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Baby Tantrums

baby tantrumsYou think that your little angel is absolutely perfect and then one day, without any warning, you watch as he has his first tantrum. Baby Tantrums are a bit like a storm.

One minute your baby will be playing nicely on the floor and the next minute he’s whining and screaming as loud as he can because one his blocks won’t stack the way he wants it to.

Get used to it. Babies and toddlers between the ages of one year and about three years old are prone to these kinds of tantrums without any warning whatsoever.

There’s really no need to worry too much about baby tantrums. It’s all part of your baby’s development as he learns how to deal with his frustration.

He’s starting to learn a lot more about the world around him. He’s also learning to talk, and since his vocabulary is limited he needs to find other ways to express himself to let you know what he wants and how he’s feeling.

The key to tantrums is learning how to handle them.

Stay Cool When Tantrums Hit

It’s not fun watching your baby or toddler have a tantrum, especially if he’s having one when you’re out and not when you’re at home.

There will be a lot of screaming, kicking, and pounding on the floor. He may decide to throw things and may even hold his breath until his little face turns blue.

When he’s in the middle of a tantrum he most likely won’t want to listen if you try to reason with him. In fact, if you try to talk to him and reason with him he might even react more aggressively.

It’s important that you don’t shout at him or threaten him. What you should be doing is just sitting quietly beside him until his tantrum is finished.

While some parents choose to leave the room when a tantrum is happening, this can make him feel as though he’s been abandoned and alone.

The entire point of his tantrum was to communicate something to you. You don’t need to react but just being near him is all he really needs at this time.

Hugging Out a Tantrum

There are different ways of helping your baby or toddler work through a tantrum. You’ll need to find out what works best for you.

Some parents pick up their child and hold him if they can. You can tell him that it’s all going to be okay and just talk to him in a soothing voice.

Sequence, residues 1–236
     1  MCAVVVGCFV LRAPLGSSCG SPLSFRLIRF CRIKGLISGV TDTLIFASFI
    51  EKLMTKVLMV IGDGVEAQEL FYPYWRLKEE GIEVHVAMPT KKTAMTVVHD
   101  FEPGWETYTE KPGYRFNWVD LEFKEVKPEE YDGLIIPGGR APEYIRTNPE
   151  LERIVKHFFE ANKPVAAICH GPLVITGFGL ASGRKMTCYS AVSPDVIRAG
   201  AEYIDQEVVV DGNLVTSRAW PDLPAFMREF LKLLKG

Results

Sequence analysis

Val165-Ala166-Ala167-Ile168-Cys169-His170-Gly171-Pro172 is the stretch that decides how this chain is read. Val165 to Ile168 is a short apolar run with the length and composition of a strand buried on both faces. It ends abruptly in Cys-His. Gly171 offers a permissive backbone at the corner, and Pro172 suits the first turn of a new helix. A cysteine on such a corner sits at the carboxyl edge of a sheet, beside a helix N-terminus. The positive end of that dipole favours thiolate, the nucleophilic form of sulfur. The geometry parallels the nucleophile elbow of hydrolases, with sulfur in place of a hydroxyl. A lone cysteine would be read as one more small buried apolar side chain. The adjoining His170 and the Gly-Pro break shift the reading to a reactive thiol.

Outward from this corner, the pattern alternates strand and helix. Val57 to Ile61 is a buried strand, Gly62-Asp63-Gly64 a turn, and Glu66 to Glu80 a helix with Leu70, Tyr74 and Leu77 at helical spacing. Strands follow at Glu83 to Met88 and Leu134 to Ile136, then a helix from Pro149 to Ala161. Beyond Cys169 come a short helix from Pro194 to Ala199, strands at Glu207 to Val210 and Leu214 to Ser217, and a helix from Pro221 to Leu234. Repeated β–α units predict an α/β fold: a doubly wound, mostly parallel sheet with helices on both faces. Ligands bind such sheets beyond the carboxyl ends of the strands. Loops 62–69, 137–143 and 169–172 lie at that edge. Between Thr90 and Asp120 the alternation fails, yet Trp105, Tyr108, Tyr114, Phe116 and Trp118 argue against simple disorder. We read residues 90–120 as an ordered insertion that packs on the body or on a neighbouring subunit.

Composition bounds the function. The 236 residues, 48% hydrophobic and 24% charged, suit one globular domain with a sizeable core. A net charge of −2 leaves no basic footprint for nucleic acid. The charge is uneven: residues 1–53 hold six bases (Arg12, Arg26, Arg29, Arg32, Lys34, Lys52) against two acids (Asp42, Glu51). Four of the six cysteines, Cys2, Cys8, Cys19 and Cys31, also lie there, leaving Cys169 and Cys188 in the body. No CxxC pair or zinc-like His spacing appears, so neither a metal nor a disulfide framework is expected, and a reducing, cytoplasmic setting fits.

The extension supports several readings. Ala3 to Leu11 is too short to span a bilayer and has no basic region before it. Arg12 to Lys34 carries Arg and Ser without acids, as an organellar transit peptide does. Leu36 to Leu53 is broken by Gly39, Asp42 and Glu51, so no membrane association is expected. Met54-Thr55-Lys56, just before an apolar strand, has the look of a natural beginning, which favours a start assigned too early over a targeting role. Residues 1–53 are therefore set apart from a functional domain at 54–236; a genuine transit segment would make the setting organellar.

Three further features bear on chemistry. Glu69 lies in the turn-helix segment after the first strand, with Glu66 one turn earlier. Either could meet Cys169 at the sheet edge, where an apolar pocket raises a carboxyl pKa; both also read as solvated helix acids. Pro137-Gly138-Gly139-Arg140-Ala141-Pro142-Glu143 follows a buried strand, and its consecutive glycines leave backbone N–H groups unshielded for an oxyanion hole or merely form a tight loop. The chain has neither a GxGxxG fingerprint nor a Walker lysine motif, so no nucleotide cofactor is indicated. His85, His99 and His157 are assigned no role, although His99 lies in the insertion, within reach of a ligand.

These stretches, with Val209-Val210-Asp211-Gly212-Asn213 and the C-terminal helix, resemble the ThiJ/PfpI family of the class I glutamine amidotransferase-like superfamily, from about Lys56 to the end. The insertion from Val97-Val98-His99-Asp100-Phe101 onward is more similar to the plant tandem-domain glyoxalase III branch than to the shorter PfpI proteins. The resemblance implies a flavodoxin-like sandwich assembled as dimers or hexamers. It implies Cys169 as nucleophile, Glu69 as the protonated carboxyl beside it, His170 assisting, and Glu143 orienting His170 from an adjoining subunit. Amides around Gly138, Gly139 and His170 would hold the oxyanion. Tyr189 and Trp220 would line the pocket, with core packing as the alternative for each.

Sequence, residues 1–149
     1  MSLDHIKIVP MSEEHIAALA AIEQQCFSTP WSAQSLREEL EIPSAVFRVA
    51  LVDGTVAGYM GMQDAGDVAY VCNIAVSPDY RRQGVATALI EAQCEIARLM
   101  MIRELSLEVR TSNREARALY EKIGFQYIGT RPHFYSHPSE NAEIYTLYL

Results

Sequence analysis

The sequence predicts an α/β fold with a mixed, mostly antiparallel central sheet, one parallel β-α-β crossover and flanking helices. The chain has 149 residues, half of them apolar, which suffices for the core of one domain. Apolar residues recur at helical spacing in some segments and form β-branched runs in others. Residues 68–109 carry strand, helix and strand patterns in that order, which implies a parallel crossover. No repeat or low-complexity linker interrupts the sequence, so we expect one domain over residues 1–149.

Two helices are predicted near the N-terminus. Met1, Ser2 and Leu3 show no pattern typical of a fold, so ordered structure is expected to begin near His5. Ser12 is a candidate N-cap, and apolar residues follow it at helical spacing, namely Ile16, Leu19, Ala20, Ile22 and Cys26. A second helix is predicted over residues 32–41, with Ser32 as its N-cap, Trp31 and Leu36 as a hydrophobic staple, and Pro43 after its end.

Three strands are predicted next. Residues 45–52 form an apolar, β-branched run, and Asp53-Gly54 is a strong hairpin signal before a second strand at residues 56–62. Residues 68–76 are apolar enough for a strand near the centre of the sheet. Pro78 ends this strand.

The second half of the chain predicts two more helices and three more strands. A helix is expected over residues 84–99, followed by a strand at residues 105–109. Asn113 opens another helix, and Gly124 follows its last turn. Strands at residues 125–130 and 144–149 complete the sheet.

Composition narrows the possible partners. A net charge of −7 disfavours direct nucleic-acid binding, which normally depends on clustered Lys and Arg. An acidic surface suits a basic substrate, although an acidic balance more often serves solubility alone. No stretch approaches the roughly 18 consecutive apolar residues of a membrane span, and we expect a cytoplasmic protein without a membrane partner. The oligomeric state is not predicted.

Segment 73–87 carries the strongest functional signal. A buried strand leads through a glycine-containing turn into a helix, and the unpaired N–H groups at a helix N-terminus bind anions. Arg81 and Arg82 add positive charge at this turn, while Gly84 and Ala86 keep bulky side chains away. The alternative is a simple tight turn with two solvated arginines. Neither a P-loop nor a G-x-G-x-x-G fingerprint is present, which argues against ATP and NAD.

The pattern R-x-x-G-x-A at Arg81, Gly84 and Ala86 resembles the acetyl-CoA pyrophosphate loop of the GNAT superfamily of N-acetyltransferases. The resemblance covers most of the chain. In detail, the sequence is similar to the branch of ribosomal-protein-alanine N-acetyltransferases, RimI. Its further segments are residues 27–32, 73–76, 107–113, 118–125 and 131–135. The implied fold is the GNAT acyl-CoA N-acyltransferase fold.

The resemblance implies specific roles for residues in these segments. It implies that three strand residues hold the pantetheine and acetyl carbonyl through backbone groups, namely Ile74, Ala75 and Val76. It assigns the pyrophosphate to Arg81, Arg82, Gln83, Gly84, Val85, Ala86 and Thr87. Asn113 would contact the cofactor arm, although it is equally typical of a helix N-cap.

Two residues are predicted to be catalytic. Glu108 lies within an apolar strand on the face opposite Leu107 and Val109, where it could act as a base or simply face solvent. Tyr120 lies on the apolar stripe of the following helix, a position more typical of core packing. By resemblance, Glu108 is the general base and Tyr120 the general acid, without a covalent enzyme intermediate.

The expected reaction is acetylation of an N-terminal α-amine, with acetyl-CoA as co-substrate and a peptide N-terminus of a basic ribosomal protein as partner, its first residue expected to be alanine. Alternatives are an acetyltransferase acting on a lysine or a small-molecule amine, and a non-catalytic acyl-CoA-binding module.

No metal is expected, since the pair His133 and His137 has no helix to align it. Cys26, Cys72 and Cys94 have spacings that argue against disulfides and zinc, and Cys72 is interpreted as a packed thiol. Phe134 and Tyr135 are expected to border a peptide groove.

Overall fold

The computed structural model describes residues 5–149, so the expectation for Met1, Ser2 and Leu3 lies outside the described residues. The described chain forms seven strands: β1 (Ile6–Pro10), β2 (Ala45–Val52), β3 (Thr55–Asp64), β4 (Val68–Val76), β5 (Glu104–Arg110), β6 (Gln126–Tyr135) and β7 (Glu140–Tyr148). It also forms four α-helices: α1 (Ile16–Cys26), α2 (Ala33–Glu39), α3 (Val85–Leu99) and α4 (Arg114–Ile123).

This doesn’t work for all children and they’ll resist being picked up and comforted until their tantrum is over. Some parents choose to ignore the tantrum until he’s calmed down rather than rewarding him for his negative behavior with a hug.

After you’ve worked through a few baby tantrums with your child you’ll be able to find an approach that works best for the two of you.

When Baby Tantrums Become Violent

Some children have a tantrum that works itself up to a lot of aggression that is acted out in a physical way.

If your baby or toddler is hitting people or pets or is throwing things around, then it’s time to pick him up and put him into another room where he’ll be safe, such as his bedroom.

Let him know that he’s going in there because he threw a toy at another child or because he hit the cat.

Let him know that this type of behavior is unacceptable and that if he chooses to act this way, then he’ll be removed from everyone else until he’s ready to calm down.

Talking About Tantrums

No matter how old your baby or toddler is, once the tantrum has subsided, it’s time to talk about it. Hold him close to you and talk to him about what just happened.

Tell him that you know he’s frustrated that he wasn’t able to play with a certain toy when someone else was playing with it.

Tell him that there are better ways to express his frustration than by having a tantrum and acting out. Tell him that you didn’t understand him before but that now he’s not screaming you’re able to know what he wants.

Trying to Avoid Tantrums

After your child has had a few baby tantrums you’ll be able to know some of the situations and reasons that are going to initiate a tantrum.

Try to avert a tantrum before it happens. If you know that he’s going to be upset when you tell him it’s time to stop playing at friend’s house and go home, then give him some advance warning that this is what’s going to happen.

Alerting him that you’re going to be leaving gives him time to finish what he’s doing. He won’t be surprised when you tell him that it’s now time to go home.

Your child is learning how to be independent and tantrums are just part of the normal phase of childhood development.

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